Category Archives: Business

Saving receipts nightmare over? Maybe.

receiptsI’m so excited. I just found a way to keep track of money painlessly!

I hate looking for receipts and figuring out what they go to, what they were for.. and where they should be filed.

But wait…

I just read over at about a new service called ShoeBoxed that will freakin’ ORGANIZE YOUR RECEIPTS for you!!  You just mail the stuff in their postage paid envelope and they scan it and provide a bunch of different ways to make the stuff available to you.

I’ve not tried this system at all.. so I can’t say I’m recommending it, per se.  I’m definitely gonna try a 30 day free trial.  I’ll report back when I know more.

However, one of the very cool things they suggest (and to do this you don’t need their service at all!):

Take a picture of your receipts with your camera phone! How cool is that. You always have it with you anyway. The picture is at least a pretty clear record of what you spent. I’m thinking if you just want to remember how much you spent at the grocery store, just click the bottom line.  If it’s more complicated, I’ll click it more than once if it won’t all fit in one pretty reasonably sized picture.

They have an iphone app that, I suppose, will send them the info in the right place and it would be part of your collection of stuff.  If you’ve used ShoeBoxed, or when you do, please comment back here.  I think this could be really big!

The Art of Saying “No”

no-entryI read a great piece by Whitney Hess over at A List Apart (a great site, as they say, “For people who make websites” and I say, for people in business in general!).  From her article: No One Nos: Learning to Say No to Bad Ideas.  Part of her article was take-aways from the book The Power of a Positive No: How to Say No and Still Get to Yes
by William Ury.  I particularly like this one:

The shorter it is, the stronger it is. Pascal famously said, “I wrote you a long letter because I didn’t have time to make it shorter.” The longer the argument, the sloppier and less well-thought out it appears.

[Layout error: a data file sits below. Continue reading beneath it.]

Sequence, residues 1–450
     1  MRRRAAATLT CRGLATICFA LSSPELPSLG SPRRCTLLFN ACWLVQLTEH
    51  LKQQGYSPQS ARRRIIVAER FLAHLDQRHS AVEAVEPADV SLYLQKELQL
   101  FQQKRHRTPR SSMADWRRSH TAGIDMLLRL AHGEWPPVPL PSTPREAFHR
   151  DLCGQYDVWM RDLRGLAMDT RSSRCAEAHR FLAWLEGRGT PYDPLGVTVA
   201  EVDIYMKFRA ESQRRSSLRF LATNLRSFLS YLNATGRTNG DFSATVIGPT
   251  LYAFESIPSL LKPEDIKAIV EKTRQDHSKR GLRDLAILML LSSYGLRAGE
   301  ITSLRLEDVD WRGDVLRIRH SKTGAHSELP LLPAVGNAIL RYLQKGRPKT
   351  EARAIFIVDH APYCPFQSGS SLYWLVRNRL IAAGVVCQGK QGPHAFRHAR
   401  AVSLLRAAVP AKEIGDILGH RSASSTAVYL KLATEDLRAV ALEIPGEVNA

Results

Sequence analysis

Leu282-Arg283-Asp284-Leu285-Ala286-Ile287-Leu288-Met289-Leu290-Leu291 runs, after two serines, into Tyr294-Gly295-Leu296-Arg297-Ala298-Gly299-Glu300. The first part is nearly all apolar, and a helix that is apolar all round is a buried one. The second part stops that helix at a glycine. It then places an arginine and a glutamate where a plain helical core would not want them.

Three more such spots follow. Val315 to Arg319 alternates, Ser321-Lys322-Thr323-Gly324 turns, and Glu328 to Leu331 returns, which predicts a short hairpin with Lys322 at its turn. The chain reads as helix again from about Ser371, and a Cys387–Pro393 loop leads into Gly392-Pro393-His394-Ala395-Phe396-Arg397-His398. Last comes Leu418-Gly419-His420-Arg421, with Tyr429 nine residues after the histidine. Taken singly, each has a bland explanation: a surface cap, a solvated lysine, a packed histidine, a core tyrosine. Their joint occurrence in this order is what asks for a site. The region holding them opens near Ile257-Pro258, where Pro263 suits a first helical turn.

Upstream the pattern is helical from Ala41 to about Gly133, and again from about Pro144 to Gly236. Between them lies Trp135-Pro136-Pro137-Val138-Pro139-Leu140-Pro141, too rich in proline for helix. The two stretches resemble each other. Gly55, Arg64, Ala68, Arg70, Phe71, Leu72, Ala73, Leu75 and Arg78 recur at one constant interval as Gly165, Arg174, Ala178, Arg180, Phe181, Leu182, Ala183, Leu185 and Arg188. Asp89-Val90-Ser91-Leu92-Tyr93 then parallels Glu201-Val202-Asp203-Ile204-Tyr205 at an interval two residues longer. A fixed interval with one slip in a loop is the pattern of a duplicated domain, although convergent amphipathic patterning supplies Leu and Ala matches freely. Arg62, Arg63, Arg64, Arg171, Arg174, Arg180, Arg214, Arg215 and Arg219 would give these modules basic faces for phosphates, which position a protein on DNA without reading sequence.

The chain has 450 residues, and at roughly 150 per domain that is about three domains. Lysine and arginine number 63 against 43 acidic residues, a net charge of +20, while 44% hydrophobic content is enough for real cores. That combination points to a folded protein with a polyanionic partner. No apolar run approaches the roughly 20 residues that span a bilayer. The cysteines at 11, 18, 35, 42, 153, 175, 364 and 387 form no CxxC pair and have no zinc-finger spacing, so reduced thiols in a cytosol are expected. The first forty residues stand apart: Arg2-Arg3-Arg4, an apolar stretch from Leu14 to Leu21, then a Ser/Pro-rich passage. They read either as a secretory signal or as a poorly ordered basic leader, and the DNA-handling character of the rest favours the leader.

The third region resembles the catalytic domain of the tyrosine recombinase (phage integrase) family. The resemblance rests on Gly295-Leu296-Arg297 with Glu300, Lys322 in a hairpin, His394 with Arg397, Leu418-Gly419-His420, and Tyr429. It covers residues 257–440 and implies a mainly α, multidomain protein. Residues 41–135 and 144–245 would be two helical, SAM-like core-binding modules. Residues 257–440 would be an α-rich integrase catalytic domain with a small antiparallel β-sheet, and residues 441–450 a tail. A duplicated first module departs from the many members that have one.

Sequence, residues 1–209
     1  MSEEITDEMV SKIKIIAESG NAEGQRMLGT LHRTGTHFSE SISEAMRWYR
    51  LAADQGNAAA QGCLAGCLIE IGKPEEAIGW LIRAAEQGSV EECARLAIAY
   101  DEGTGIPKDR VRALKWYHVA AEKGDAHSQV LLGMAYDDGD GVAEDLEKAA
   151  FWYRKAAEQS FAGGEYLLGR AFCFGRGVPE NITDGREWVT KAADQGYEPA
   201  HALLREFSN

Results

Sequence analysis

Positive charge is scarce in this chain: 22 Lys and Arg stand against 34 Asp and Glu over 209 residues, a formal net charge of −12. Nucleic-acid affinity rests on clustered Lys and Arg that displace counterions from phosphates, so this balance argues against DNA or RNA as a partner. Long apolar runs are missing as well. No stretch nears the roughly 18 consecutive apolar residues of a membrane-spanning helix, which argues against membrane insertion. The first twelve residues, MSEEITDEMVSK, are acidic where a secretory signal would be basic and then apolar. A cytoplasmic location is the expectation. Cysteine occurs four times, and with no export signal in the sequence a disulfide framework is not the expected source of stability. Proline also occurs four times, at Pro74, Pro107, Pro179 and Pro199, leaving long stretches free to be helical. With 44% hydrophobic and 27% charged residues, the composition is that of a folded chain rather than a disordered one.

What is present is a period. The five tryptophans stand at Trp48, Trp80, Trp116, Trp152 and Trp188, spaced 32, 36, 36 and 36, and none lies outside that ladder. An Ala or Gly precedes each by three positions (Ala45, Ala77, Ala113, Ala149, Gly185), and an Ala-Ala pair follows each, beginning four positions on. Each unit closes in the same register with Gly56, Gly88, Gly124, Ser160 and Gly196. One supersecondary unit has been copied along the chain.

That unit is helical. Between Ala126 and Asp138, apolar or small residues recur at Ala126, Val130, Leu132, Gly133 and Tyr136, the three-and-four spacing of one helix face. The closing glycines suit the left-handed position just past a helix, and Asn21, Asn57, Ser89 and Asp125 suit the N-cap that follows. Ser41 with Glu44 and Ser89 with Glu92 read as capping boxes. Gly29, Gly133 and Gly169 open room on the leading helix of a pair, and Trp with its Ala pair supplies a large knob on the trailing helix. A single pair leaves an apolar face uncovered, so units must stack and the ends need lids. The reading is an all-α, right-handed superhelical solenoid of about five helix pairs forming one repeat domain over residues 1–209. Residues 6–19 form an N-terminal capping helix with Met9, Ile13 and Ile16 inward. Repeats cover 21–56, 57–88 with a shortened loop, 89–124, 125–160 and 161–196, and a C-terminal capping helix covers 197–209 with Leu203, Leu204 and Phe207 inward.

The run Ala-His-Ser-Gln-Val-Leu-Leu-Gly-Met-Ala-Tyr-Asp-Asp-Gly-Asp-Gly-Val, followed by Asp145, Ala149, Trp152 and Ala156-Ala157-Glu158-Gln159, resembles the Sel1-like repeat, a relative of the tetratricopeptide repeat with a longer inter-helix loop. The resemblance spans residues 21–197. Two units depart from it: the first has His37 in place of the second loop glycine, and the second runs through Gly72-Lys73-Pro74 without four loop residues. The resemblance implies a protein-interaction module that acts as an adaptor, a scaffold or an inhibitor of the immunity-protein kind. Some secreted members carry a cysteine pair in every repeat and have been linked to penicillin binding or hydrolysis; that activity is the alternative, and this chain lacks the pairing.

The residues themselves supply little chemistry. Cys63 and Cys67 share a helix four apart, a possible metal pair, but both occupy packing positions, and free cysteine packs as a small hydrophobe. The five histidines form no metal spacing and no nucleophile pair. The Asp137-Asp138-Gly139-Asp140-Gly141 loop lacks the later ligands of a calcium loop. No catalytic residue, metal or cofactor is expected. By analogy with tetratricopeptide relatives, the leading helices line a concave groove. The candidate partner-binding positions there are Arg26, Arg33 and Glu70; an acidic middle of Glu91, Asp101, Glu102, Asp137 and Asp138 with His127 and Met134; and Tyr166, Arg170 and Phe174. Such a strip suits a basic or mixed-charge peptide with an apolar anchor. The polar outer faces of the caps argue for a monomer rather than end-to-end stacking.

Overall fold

My son had a science teacher in high school who once told me, “Tommy conveys more information in fewer words than any other student I’ve had.”  That’s a great life skill. (Perhaps not so useful when the assignment is for 5 pages and the topic’s been covered—fully—in 2… nevertheless…)

When a person is talking, and trying to say “no,” they are often looking at the other person’s body language and interpreting it, judging it. So they use more words to soften the perceived blow of the “no.”

But maybe the receiver of the “no” is just thinking, “Whew, I didn’t want that anyway.”  or “Thanks for seeing that what I said I wanted isn’t what I really wanted.”   When you judge the reply before you get it, you may cut off the outcome you actually want.

And the argument gets muddy and frustrating for both parties.

You don’t have to answer every request as it’s made. Even in direct conversation you can say, “Wait a minute, I’m thinking about that.”

The request could be totally bats. But if it’s made by your boss or a client or a prospective client,  consider the tone of your reply.  There is a fine line between blunt, and maybe rude, and wishy-washy mamby-pamby whatever-you-want-dear kind of reply.

So here’s the advice:

1.  Decide what you want at the end of the conversation. Do you:

  • want the job, but you don’t want to be micromanaged?
  • just plain don’t want to work with that person?  or
  • The job really is too bats to be considered.

If you want the job but not on those conditions, keep the former in the front of your mind. Don’t worry about details that don’t effect that result.